Last week I read a blog about the ways writers can measure their progress. The author, Jami Gold, described how writers often view growth through external factors, such as winning contests and being published. She cautioned us about this approach because there are always going to be contests we lose and stories that are rejected.
What I take away from this article is the importance of self-evaluation. Though it is essential for our peers to read and critique our work we need to rely on our own instincts and abilities to help us gain confidence. This is particularly difficult for someone like me who is product-oriented or grade-oriented.
The best advice I’ve found on this problem is to simply to write for fun. Lately I’ve been working through my left-brained writing style with the help of a Freeflow writing group and “The Plot Whisperer” book by Martha Alderson. I was feeling confident that I had turned a corner and I was beginning to write for enjoyment. The freedom to write without evaluation allowed me to see the finished product as the completed novel instead of the published novel.
Then I attended a meeting where an author shared his success story of how his novel came into being. During the meeting he talked honestly about the trials and pitfalls of the publishing world. This information was not new to me but it still felt like a slap in the face. A frustration bubbled in me and I left the meeting annoyed and disenchanted with the writing world.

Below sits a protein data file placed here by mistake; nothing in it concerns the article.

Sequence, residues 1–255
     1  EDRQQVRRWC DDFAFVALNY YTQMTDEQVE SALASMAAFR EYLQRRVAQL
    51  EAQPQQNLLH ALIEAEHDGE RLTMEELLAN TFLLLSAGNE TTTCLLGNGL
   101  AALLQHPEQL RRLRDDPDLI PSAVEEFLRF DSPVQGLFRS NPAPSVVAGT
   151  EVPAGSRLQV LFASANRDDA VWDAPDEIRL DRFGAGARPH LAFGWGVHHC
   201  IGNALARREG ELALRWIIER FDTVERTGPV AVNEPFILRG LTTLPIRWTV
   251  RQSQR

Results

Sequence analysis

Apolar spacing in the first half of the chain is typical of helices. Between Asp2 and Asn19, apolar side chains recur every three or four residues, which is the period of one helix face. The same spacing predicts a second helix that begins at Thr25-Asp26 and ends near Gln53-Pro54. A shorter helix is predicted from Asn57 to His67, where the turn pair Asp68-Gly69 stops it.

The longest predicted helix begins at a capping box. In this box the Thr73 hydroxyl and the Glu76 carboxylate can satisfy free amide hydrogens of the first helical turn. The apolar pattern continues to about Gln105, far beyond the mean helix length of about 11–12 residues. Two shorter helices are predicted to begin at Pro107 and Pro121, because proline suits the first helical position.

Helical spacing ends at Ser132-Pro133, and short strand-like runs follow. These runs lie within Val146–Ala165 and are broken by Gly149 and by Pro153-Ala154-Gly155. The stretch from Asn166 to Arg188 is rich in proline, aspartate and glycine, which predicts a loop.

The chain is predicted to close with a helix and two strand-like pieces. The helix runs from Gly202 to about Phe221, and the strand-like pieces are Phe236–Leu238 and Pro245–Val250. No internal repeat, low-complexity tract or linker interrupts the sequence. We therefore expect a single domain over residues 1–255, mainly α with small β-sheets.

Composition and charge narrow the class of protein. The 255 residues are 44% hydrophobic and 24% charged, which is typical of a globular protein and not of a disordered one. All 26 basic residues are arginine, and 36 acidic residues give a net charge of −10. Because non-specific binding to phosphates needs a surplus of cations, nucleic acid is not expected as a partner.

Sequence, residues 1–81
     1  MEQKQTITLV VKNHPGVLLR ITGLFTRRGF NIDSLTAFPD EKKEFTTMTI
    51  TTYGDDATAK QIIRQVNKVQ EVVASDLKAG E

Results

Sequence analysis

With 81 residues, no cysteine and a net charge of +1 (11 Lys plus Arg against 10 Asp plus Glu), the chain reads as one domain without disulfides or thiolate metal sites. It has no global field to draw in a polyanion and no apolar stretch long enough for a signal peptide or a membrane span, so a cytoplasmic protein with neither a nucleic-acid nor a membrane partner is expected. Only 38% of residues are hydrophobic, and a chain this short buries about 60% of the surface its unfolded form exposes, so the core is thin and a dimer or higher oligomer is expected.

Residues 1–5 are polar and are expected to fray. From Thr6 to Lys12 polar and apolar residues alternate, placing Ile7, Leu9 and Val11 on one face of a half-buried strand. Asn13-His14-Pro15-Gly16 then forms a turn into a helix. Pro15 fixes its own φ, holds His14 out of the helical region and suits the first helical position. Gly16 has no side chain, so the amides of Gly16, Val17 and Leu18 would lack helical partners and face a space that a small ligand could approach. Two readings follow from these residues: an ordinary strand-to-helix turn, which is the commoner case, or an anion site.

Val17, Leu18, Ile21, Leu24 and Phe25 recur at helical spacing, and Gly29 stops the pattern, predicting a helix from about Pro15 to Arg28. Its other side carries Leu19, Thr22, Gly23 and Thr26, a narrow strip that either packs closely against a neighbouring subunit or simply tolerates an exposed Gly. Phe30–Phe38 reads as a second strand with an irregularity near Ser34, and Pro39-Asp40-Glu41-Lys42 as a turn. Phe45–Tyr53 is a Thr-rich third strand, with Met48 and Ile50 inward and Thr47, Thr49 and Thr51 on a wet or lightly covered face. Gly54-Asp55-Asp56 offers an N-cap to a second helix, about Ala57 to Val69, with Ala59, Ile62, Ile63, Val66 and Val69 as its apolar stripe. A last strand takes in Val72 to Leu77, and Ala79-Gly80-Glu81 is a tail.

The next day Elaine and I met and I told her how I felt. (I wish an Elaine into every fledgling writer’s life!) As we talked openly about why we write I realized I was still overly focussed on the product and not the journey. It startled me because I thought I had made progress. However, I have progressed because I was able to re-evaluate my anger and re-commit to my writing.
I have hopes I will one day be published, but as Elaine said, it’s more important to write stories I love and not worry about whether it will sell or not. Plus, she’ll read my stories so that’s one person.
The concept of progress seems to be very fluid for us writers. We experience a great deal of false starts and trips back to the drawing board, but we also get those accolades we strive for.